This actually tells us something pretty interesting about wild magic. While most sources would have you believe it is restrained to specific areas plagued by magical wars, this just isn’t true.
If just about any magical, or even nonmagical, event can spawn the existence of a magic user with a connection to wild magic, then wild magic is something far more universally present than previously thought. It would seem that it exists as almost a back current to all magic in the multiverse.
Areas of wild magic and characters with the ability to manipulate it are then much more similar to conduits than strange singularities.
That certainly makes sense for the wild magic sorcerer. Beyond just their origins, they’re given some interesting chaos abilities centered around rerolling attacks and ability checks. Of course, the main draw is that they have a chance of rolling a magical effect whenever they cast a spell.
Once they hit 14th level, they even get to exert a bit of control over the wild magic effects they can produce, rolling twice and choosing the effect that’s more beneficial in their situation. I know, that within the context of an RPG, this might seem pretty trivial, but if you take a step back, this is akin to the power of a lesser deity. I mean, these sorcerers can actually control and harness the un-harnessable effects of wild magic.
Wild Magic Barbarian
What about the wild magic barbarian though? This is a class that is perhaps best known for the fact that they don’t use magic, so how do their skills even work?
Well, Tasha’s Cauldron of Everything explains that many areas of the multiverse are full of rampant magic that has a deep connection to intense emotions. As barbarians are fueled by their intense emotions, mainly rage, they make an excellent conduit for these unchecked abilities.
Particularly, the path of wild magic is taken by barbarians of magical heritage, such as elves, tieflings, or genasi. Those with a rich cultural history of magic use may seek to infuse their barbaric rage with the mystical currents that run throughout the multiverse.
From a mechanical standpoint, this means that wild magic barbarians roll on a smaller wild surge table to produce an effect whenever they enter their rage. You can picture this as a blast of arcane energy pouring out of these warriors’ hearts and unleashing a particularly nasty brand of chaos on the battlefield.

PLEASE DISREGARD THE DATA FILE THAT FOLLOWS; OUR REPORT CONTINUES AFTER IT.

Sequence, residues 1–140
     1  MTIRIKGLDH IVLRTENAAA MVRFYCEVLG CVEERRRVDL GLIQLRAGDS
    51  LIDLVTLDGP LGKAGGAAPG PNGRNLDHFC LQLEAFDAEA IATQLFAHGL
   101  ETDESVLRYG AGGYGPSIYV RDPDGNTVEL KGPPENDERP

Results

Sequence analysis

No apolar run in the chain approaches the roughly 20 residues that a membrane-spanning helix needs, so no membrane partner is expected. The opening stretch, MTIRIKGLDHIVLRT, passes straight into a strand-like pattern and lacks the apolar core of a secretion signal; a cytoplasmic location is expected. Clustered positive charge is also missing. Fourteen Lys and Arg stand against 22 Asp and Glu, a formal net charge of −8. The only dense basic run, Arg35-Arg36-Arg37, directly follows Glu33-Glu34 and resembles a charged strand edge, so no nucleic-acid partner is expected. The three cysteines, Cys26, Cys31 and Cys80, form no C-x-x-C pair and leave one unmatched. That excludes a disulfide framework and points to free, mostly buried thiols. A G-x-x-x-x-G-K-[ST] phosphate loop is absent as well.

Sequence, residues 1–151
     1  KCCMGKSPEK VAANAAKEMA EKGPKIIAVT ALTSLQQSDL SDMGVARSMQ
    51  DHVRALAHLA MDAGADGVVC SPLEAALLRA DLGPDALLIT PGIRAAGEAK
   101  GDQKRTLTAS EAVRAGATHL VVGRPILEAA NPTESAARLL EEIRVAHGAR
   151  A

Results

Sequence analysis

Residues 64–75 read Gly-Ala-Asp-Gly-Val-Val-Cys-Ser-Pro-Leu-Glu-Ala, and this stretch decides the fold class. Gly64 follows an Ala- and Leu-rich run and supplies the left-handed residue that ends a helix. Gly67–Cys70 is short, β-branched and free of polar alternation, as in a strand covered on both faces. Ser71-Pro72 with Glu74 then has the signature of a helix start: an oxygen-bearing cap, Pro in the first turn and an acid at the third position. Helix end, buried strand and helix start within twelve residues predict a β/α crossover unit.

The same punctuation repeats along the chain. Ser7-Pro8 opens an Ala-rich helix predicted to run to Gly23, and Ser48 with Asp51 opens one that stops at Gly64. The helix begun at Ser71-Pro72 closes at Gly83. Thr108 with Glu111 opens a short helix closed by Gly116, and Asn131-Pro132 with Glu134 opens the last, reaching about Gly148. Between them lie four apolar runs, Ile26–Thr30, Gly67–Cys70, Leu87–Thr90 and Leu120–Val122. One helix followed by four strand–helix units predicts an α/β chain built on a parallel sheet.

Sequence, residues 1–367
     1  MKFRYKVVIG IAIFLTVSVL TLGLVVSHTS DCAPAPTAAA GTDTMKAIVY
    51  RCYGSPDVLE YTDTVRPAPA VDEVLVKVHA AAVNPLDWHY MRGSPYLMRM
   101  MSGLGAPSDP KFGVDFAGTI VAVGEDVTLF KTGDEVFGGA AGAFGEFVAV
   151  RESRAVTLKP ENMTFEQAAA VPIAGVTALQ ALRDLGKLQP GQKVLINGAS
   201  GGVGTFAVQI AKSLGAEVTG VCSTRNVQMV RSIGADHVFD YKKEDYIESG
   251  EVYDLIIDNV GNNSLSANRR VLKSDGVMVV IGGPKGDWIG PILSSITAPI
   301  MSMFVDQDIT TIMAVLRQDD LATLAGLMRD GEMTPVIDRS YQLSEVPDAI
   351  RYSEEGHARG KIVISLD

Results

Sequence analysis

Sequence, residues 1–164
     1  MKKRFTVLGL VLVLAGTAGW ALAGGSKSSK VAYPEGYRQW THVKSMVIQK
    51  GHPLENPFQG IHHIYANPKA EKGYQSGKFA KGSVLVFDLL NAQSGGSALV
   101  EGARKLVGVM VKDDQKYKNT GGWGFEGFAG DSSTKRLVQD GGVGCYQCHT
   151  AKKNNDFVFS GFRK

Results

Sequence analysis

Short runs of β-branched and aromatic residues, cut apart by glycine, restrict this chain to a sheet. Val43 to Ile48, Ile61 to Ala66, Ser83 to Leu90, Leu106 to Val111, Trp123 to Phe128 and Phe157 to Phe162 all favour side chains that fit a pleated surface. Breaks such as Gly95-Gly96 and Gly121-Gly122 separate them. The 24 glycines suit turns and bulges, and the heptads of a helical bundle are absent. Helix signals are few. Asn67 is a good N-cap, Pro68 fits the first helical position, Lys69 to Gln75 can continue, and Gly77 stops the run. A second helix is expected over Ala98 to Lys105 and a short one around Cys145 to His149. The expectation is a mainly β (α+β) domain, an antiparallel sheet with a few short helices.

Naturally, their abilities are much more connected to their status as brutal warriors, forging magic weapons, creating difficult terrain, allowing the barbarian to teleport, and more. While it’s not necessarily canon, you could say that their intense emotions give them a more natural hold over the surges, explaining why the effects are seemingly much less random than those of a sorcerer.
Barbarian Wild Surge
Of course, it might’ve just had something to do with barbarians being known for “easier” gameplay, and making another d100 table could’ve been a bit over the top.
Regardless, both of these player subclasses have an incredible tie to a force that really isn’t studied much throughout the multiverse of D&D. Sure, in the past, there may have been wizards who studied the ways of wild magic and learned true mastery over its chaotic nature, but those wizards seemed to have vanished with the spellplague.
For now, all we know is that mortal beings are capable of tapping into this well of energy with varying levels of success.
Roleplaying a Wild Magic PC
Your characters are always yours to play as you choose, but that doesn’t mean we can’t offer a few tips and tricks to create much more effective storytelling at the table. If you want to play a character with access to wild magic, it’s important to consider their relationship to that mysterious force.
Sure, you could play them like any other character, but much like a warlock or a paladin, this particular brand of abilities and origins lends itself to some really interesting character development.
When you focus on how your character feels about the wild magic they’re connected to, you get to influence not only their actions when using the magic but their overall personality in general. A character who fears the powers they are connected to could make for someone very timid. Think of Rogue from X-Men or Elsa from Frozen. Ironically, both of these gloved heroines are portrayed as loners, afraid that their violent powers could harm anyone that gets too close.
They also get to have that amazing moment where they unleash their full power and really embrace it, taking them down a path of isolation, power hunger, or acceptance — it’s kind of dealer’s choice at that point.
In contrast, we have the characters who are as chaotic, if not more chaotic, than the powers that they wield. This doesn’t have to be chaotic in the moral alignment aspect, but it certainly can be. More so, it just means that these characters fully embrace their powers with almost giddiness. These characters can be dangerous because they’ll probably seek to invite randomness into any situation, be that with their magic or not.
Then, we have the characters who are deeply curious about their abilities, wishing to study themselves and learn to control the powers they wield. They might take diligent notes or become fully engrossed whenever they conjure up a power they haven’t experienced before.